English Literature: From Romanticism to Postmodernism
Publisher : Amazon Createspace and Kindle
Description

English Literature: From Romanticism to Postmodernism is an anthology of 24 essays of varying length and complexity arranged to provide readers with an impression of literary theory as it has evolved from the Romantic period (1790s to the 1850s) through to the post-modern period (roughly defined as peaking in the 1960s and 1970s). In between lie the movements of Realism, Naturalism, Modernism, and more. Through the contexts of Morality, Gender, Identity, Conflict and Social Awareness, these essays seek to enlighten the reader on the influences and techniques of some of the most highly regarded and critically renowned novels, plays and poetry. The works discussed feature Wordsworth’s Book First of The Prelude, Jane Austen’s Northanger Abbey, Charlotte Bronte’s Jane Eyre, Mary Shelley’s Frankenstein, George Eliot’s Middlemarch, Emile Zola’s Germinal, Henry James’ Portrait of a Lady, Joseph Conrad’s Heart of Darkness, Anton Chekov’s The Cherry Orchard, Virginia Woolf’s Orlando, Daphne du Maurier’s Rebecca, Samuel Beckett’s Waiting For Godot, Philip K. Dick’s Do Androids Dream of Electric Sheep?, and the poetry of Edward Thomas, Walter de la Mare, W.H.Auden, Allen Ginsberg, and Seamus Heaney. Also discussed are the intricate debates about the meaning and function of Literature as perceived by critics, such as Walter Scott, George Henry Lewes, Walter Pater, Walter Besant, Sally Shuttleworth, Virginia Woolf, Michael H. Whitworth and Kathryn N. Benzel. This in an excellent introduction for all those seeking to study literature of the past two centuries. Also includes 3 bonus essays on Shakespeare’s Henry V, Euripides’ Medea, and Jean-Jacques Rousseau’s The Social Contract.



The Story Behind This Book
English Literature: From Romanticism to Postmodernism is an anthology of 24 essays of varying length and complexity arranged to provide readers with an impression of literary theory as it has evolved from the Romantic period (1790s to the 1850s) through to the post-modern period (roughly defined as peaking in the 1960s and 1970s). In between lie the movements of Realism, Naturalism, Modernism, and more. Through the contexts of Morality, Gender, Identity, Conflict and Social Awareness, these essays seek to enlighten the reader on the influences and techniques of some of the most highly regarded and critically renowned novels, plays and poetry. The works discussed feature Wordsworth’s Book First of The Prelude, Jane Austen’s Northanger Abbey, Charlotte Bronte’s Jane Eyre, Mary Shelley’s Frankenstein, George Eliot’s Middlemarch, Emile Zola’s Germinal, Henry James’ Portrait of a Lady, Joseph Conrad’s Heart of Darkness, Anton Chekov’s The Cherry Orchard, Virginia Woolf’s Orlando, Daphne du Maurier’s Rebecca, Samuel Beckett’s Waiting For Godot, Philip K. Dick’s Do Androids Dream of Electric Sheep?, and the poetry of Edward Thomas, Walter de la Mare, W.H.Auden, Allen Ginsberg, and Seamus Heaney. Also discussed are the intricate debates about the meaning and function of Literature as perceived by critics, such as Walter Scott, George Henry Lewes, Walter Pater, Walter Besant, Sally Shuttleworth, Virginia Woolf, Michael H. Whitworth and Kathryn N. Benzel. This in an excellent introduction for all those seeking to study literature of the past two centuries. Also includes 3 bonus essays on Shakespeare’s Henry V, Euripides’ Medea, and Jean-Jacques Rousseau’s The Social Contract.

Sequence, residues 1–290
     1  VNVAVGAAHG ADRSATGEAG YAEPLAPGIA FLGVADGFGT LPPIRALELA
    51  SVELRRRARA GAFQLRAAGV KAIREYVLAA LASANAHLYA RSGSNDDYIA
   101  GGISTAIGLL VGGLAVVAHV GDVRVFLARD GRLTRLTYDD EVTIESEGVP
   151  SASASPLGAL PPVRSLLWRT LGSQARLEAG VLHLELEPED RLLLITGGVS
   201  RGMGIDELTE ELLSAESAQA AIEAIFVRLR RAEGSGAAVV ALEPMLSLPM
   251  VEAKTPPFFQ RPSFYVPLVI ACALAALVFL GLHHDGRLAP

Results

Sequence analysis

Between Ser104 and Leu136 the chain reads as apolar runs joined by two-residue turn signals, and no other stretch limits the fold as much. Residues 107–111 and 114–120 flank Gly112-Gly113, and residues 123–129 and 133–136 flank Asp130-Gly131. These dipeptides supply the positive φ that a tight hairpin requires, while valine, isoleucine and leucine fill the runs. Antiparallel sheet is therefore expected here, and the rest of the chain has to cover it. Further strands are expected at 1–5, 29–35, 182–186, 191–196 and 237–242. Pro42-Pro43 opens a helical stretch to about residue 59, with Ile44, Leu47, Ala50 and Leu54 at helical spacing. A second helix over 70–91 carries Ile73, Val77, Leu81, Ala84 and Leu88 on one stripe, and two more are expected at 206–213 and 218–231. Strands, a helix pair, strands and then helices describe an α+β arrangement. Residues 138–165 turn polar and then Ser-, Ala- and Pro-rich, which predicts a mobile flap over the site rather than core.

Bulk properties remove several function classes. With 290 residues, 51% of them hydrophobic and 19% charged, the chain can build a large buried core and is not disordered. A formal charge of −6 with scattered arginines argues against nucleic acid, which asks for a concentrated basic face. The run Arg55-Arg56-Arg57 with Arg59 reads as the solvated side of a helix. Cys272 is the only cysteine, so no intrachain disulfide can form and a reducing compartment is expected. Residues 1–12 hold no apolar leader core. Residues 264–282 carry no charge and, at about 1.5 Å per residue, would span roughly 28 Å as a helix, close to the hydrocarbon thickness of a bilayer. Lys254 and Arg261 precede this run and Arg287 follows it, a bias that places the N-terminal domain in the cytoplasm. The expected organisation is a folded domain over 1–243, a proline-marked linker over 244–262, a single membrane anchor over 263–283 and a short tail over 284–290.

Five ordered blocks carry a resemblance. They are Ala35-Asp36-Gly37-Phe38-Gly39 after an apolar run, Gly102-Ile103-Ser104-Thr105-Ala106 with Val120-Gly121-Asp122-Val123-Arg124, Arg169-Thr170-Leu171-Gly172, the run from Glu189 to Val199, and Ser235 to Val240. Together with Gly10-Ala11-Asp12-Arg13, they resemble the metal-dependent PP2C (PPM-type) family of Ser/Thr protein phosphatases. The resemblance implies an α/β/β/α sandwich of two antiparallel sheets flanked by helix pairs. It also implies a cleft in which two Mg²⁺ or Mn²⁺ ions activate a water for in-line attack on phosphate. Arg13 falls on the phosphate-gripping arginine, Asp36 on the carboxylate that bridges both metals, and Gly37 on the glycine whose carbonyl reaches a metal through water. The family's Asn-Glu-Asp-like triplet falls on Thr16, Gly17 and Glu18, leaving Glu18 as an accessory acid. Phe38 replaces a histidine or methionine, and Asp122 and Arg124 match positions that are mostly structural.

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Richard Cubitt
I reside in England and in August 2013 I graduated from the Open University with a First Class BA (with Honours) degree in English Literature. I'm a fan of all genres of literatur More...
Other Book(s) By Richard Cubitt